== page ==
© Clever Farm

Why “Clever Farm” is considered clever? Well, one day a bunch people without jobs sat together and started thinking how they could use data from drones. One of the ideas was to use it in agriculture – so the story starts for Adam Zlotý, co-founder and CEO of the Czech start-up Clever Farm. The company started with one simple land management tool. Today it shows farmers from all over Central Europe how a combination of artificial intelligence, sensors and satellite data can make farm work far more efficient and environmentally friendly.

What is your product?

Adam Zlotý, CEO: It is an intricate solution that work outs all the schedules of a farm. Its core feature is a farm management tool for every kind of agronomic activity. Based on the maps and data from a satellite, the farmer can manage cropland, plan daily activities, take care of seed supplies, fertilizers, prepare reports for authorising bodies etc. Apart from this, there are also sensors based on IoT technology that measure different elements: soil moisture and temperature, microclimate, meteorological conditions of field crops, temperature and moisture in silos, leaf moisture amongst other things. The devices are portable and send data to our platform every 30 minutes.

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How can farmers use the data?

Depending on the need and type of the farm, the data can be used to plan routine measures, to protect harvested crops from pests and diseases. For example, pests and disease in the field usually arise when certain conditions are met, such as minimums in temperature and moisture. When this happens, we inform the end user that there is an incubation period in progress and, let’s say, in 20 days a disease might eventuate. Subsequently, they should apply targeted treatments. Or there is an issue with the soil temperature in spring. For example, typically the soil temperature must exceed 10 degrees Celsius for a certain amount of time for soya beans or some flowers in order to be able to start planting them. If these conditions are met, we notify the farmer that they can then start sowing.

There are other companies who offer tools for precision farming, farm management, IoT devices. What exactly distinguishes you from your competitors?

First of all, we have an intricate solution which incorporates everything: tools for precision farming based on satellite data, a tool for farm management, preparing reports etc. It’s a modular tool so farmer can use only one separate part (for example only the sensors) or can use all of them. Secondly, for each of these parts we use a different approach and we try to bring added value to farms. Take the IoT devices for example. We are working with the R & D community and with farmers to develop our prediction model and to adjust it to the microclimate of various regions, locations, crop types, seasons etc. As a result, we not only monitor data, but we also give recommendations, warnings, etc.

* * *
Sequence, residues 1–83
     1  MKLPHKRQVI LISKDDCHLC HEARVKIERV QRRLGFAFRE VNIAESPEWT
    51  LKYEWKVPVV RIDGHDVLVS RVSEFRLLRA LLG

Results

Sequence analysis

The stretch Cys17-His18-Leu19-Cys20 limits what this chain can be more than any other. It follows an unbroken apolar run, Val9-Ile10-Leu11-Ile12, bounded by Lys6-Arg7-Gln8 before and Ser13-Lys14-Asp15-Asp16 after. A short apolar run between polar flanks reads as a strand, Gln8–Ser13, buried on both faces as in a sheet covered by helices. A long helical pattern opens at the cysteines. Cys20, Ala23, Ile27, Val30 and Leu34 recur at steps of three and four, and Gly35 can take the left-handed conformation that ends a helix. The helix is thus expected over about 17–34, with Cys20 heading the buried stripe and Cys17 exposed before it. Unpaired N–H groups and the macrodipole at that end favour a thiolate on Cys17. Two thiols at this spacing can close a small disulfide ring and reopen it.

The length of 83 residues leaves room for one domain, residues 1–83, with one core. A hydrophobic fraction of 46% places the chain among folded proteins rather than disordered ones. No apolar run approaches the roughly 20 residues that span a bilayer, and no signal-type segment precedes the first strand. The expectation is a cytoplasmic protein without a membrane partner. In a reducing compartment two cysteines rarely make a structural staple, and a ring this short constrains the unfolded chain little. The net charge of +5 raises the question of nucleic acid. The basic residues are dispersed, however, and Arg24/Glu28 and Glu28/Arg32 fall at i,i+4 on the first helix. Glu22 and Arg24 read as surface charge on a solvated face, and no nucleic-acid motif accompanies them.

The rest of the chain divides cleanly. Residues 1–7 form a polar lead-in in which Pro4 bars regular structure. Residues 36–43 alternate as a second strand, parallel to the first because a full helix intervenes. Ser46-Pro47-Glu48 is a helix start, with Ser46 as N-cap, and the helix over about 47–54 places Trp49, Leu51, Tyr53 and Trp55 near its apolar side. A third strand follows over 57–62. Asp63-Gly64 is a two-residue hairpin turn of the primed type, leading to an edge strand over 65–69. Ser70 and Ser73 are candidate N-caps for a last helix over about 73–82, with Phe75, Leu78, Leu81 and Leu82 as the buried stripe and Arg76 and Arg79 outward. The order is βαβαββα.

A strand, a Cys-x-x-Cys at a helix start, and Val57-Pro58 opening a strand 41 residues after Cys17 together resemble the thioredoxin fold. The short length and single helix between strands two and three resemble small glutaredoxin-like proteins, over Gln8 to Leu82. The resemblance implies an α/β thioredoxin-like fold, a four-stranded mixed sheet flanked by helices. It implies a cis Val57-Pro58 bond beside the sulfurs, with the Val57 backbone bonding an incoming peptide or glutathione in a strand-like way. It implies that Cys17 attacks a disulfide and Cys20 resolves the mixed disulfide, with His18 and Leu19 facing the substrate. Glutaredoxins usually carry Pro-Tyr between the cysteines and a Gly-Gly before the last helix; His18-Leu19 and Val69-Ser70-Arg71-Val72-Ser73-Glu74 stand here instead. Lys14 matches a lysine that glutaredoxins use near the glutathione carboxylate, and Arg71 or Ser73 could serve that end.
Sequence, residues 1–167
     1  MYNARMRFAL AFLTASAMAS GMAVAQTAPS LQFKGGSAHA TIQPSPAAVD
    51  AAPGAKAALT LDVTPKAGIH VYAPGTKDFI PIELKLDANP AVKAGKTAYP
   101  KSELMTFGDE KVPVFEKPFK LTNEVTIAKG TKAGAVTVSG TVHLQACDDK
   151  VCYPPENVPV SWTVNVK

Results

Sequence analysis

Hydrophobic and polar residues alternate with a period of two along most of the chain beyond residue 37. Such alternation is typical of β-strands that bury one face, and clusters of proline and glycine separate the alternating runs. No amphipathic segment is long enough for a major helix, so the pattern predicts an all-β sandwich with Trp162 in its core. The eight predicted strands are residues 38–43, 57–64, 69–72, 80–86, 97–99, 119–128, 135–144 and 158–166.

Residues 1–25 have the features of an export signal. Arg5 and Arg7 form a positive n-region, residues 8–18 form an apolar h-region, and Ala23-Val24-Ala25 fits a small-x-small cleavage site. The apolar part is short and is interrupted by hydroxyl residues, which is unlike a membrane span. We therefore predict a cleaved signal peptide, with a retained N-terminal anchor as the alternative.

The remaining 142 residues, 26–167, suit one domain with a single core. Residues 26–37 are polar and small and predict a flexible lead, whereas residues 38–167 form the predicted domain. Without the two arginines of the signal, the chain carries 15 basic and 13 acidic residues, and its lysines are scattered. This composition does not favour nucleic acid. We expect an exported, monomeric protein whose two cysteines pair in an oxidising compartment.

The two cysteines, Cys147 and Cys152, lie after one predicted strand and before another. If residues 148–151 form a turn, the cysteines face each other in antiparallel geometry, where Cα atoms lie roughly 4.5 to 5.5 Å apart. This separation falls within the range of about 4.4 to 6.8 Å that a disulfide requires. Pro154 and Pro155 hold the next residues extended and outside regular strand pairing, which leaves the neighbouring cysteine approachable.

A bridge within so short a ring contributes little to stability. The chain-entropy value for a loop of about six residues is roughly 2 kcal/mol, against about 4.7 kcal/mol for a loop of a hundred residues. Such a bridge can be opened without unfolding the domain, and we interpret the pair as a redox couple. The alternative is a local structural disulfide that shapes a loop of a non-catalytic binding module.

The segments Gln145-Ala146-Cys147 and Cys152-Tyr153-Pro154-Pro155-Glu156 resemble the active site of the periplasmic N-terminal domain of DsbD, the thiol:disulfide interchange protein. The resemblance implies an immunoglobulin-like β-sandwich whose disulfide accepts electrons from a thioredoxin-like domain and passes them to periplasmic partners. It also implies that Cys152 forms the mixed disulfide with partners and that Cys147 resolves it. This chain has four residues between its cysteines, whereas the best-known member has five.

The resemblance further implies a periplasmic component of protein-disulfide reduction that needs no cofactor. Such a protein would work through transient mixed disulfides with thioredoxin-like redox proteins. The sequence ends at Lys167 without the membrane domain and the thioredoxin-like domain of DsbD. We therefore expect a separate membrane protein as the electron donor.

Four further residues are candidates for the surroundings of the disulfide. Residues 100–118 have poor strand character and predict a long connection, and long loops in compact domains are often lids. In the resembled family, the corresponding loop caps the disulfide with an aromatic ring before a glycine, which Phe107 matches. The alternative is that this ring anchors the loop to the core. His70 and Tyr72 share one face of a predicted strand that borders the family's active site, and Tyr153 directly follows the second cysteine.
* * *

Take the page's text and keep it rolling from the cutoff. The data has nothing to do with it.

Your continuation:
What is the main obstacle that you have to overcome?

This is the actual age of the farmers in our region. Generally, they are older people who work with pen and paper for the most part and are resistant to innovation. However, we know that even an old farmer can make the shift to new technologies. My own father is a good example. He was very resistant to these things. But during the proof of concept period, he saw how much he saved owing to our technology. It was like a miracle for him. Though, this attitude is changing a lot. Now we have a new phase of young farmers who are familiar with IoT, AI and all these kinds of things.

What do you expect from the coming year?

We will concentrate on international development. We have projects overseas, in Brazil, Chile, Serbia, Ukraine. Yet international clients approached us first. Now we want to do it in a systematic way. We are in the process of selecting markets which we will focus on for the next two years.

Where do you want the company to be in 5 years’ time?

We want to be a well-known company in Central Europe and America and we want to be a synonym for innovation in the agricultural sector.

 

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About the author

Author profile picture Katarzyna is a Polish business & tech journalist. In Polish media she explains the European Union, entrepreneurship and science - business cooperation. At Innovation Origins she tries to show interesting innovations from Central Europe. Katarzyna is fascinated with the Solution Journalism and how technologies can help solve contemporary problems. She also runs InnovateCEE (www.innovatecee.com) - a blog about innovations made in Central Europe.